Bowness, Calgary

From Wikipedia, the free encyclopedia
Aerial View of Bowness 2022

Aerial view of Bowness
Aerial view of Bowness
Bowness is located in Calgary
Location of Bowness in Calgary
Coordinates: 51°05′28″N 114°11′57″W / 51.09111°N 114.19917°W / 51.09111; -114.19917Coordinates: 51°05′28″N 114°11′57″W / 51.09111°N 114.19917°W / 51.09111; -114.19917
Established1896[citation needed]
VillageFebruary 14, 1948[1]
TownNovember 5, 1951[2]
AmalgamatedAugust 15, 1964[3]
 • MayorJyoti Gondek
 • Administrative bodyCalgary City Council
 • CouncillorSonya Sharp
1,080 m (3,540 ft)
 • Total11,308
 • Average Income
WebsiteBowness Community Association

Bowness is a neighbourhood and former town in west Calgary, Alberta, Canada. The former town was amalgamated into the City of Calgary in 1964.

The neighbourhood is bordered by the Bow River to the north and east, 16 Avenue to the south, and Stoney Trail to the west. The neighbourhood of Montgomery, another former town amalgamated into the City of Calgary a year earlier in 1963, is located across the river to the east.

On the northwest end of the community is one of Calgary's most popular parks, Bowness Park. The park sits between the Bow River and a lagoon, and is popular for picnics, summer sports, ice skating in the winter, and boating. It is also part of the city's large pedestrian pathway network. It is bordered by Edworthy Park to the southeast.

Bowness is represented in the Calgary City Council by the Ward 1 councillor. Residents of the area are called "Bownesians" (Bow-NEE-zhins).

The community has an area redevelopment plan in place.[6]


Early history[edit]

The Bow Valley, where Bowness is situated, has been occupied by native peoples since the end of the last ice age, around 10,500 years ago. Archeological evidence shows that the Nitsitapii (Blackfoot) have been in the area for over a thousand years, with Stoney, Cree and Tsuu T'ina peoples arriving from the sixteenth century onwards. Non-natives reached the region in the late 1700s, after which native populations began to decline rapidly, due to epidemics and the decimation of the bison herds on which they depended. In 1877, the Blackfoot, Blood, Peigan, Tsuu T'ina and Stoney First Nations signed Treaty 7, were forced to live on reserves that covered some of their traditional hunting grounds.[7]

At about the same time Treaty 7 was signed, the Dominion Land Survey was done, making it easier to lease or sell land in the west of Canada. The area which is now Bowness was leased for a while by the Cochrane Ranche Company, from 1883. It was then bought and sold several times over the next few decades. Two of these sales were important for the subsequent history of Bowness. In 1890–91 Thomas Stone and Jasper M. Richardson purchased the land. They started the Bowness Ranche and built a ranch house whose stables and barns were on an island in the river which is now Bowness Park. The name Bowness was apparently chosen by Stone, who had enjoyed visiting Bowness-on-Windermere in the English Lake District before coming to Canada.[8]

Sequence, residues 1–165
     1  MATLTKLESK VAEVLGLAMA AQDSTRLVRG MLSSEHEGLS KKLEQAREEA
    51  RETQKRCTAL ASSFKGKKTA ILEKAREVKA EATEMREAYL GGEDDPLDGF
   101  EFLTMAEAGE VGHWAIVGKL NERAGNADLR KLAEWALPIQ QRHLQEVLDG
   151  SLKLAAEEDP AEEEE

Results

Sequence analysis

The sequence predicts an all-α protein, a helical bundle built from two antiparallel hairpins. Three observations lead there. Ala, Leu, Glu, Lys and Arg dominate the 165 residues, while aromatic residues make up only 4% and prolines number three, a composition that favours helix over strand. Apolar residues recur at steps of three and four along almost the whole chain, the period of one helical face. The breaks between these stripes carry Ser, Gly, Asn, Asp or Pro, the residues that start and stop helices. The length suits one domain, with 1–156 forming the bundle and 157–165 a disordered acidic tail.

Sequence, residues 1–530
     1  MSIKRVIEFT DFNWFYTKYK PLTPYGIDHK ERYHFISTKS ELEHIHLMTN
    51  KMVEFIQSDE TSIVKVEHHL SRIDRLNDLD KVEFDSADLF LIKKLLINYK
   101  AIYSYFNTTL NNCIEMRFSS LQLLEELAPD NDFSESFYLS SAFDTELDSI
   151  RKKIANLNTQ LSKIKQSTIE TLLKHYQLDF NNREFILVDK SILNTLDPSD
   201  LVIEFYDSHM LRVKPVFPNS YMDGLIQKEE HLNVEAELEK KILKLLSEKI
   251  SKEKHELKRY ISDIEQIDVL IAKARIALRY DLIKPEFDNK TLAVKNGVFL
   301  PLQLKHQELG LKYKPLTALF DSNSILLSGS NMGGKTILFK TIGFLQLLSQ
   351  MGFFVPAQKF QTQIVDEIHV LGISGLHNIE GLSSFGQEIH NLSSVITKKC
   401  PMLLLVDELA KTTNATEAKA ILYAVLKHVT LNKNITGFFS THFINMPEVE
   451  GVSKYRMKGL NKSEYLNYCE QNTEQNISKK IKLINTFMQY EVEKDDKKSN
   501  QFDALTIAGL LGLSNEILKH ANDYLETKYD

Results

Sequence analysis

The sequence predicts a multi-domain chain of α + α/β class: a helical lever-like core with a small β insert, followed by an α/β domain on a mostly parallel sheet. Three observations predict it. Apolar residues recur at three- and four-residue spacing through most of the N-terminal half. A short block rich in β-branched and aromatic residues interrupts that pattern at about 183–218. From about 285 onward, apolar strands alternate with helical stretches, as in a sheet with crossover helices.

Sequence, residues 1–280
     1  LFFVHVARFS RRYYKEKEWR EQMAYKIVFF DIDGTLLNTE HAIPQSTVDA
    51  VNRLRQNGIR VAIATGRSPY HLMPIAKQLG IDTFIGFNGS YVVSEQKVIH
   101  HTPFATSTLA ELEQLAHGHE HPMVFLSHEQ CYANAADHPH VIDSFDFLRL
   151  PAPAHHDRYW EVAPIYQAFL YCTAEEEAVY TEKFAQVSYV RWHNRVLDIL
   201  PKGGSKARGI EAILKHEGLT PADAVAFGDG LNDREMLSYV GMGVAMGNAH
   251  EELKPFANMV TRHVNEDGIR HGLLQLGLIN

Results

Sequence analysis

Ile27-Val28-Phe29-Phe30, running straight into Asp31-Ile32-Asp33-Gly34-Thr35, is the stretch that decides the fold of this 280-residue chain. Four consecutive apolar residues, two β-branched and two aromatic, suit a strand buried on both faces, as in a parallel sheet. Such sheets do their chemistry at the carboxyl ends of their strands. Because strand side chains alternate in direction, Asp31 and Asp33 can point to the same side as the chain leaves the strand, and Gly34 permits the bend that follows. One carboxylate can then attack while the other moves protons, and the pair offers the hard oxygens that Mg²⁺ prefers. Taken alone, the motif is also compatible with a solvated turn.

The second sale of note was in 1908, to John Hextall, an English solicitor. Calgary, just six miles to the east, was booming at the time and Hextall envisioned turning Bowness into an exclusive residential suburb "in a natural scenic setting of great beauty".[9] In 1911, he subdivided part of the ranch, built a bridge personally for $75,000,[10] and got the City of Calgary to run its streetcar line across the bridge into his development, which he called Bowness Estates. In return, he donated two islands on the Bow to the City, for use as a park, now known as Bowness Park. (This arrangement is strikingly similar to one made in 1909 to develop the Glenora suburb of Edmonton.)

Despite an aggressive advertising campaign, and improvements such as the building of a golf course and club house, only a handful of lots were sold. There was a downturn in the economy and then World War I broke out in 1914, and Hextall himself died the same year. After the war, Bowness languished, although Bowness Park was extremely popular with Calgarians, who came in the thousands on the streetcar. Some small farms were established and enough lots sold to justify building a school in 1932, some stores, and in 1934 a post office. Marty Wood, the famous rodeo cowboy, arrived with his family in 1940 or 1941, and attended Bowness School. His parents opened riding stables on Chinook (now 34th.) Avenue. Of note also was the use of a large field near the park, the Bowness Flying Field, as Calgary's first commercial airport. It was managed by Fred McCall, a Canadian wartime flying ace, who flew mostly sightseeing flights to Banff and around the area throughout the twenties.

Bowness began to take off again after World War II, when the government provided 48 one acre plots to returning veterans, in an area known as the Soldiers' Settlement. Schools and churches were built and in 1947 two theatres were opened to serve the growing population. A volunteer fire brigade was formed, a fire hall built, and other public services provided.

Incorporation to amalgamation[edit]

Population history,
former Town
of Bowness
Source: Statistics Canada[11][12][13]

Bowness incorporated as a village on February 14, 1948.[1] After recording a population of 2,922 in the 1951 Census of Canada,[11] the village then incorporated as the Town of Bowness on November 5, 1951.[2] John Mackintosh was elected as the first mayor[citation needed] of the Town of Bowness in March 1952.[2]

Bowness grew considerably following incorporation in 1951. By 1956, its population doubled to 6,217 and then tripled to 9,184 in 1961.[12][13] Following the adjacent Town of Montgomery's amalgamation into the City of Calgary in 1963, the Town of Bowness held a vote in October 1963 to determine its residents' position on the town being absorbed by Calgary. The result was 1,003 votes in favour and 397 in opposition.[14] The Town of Bowness was subsequently amalgamated into the City of Calgary on August 15, 1964.[3] The last population recorded for Bowness was 9,116 in 1964.[15]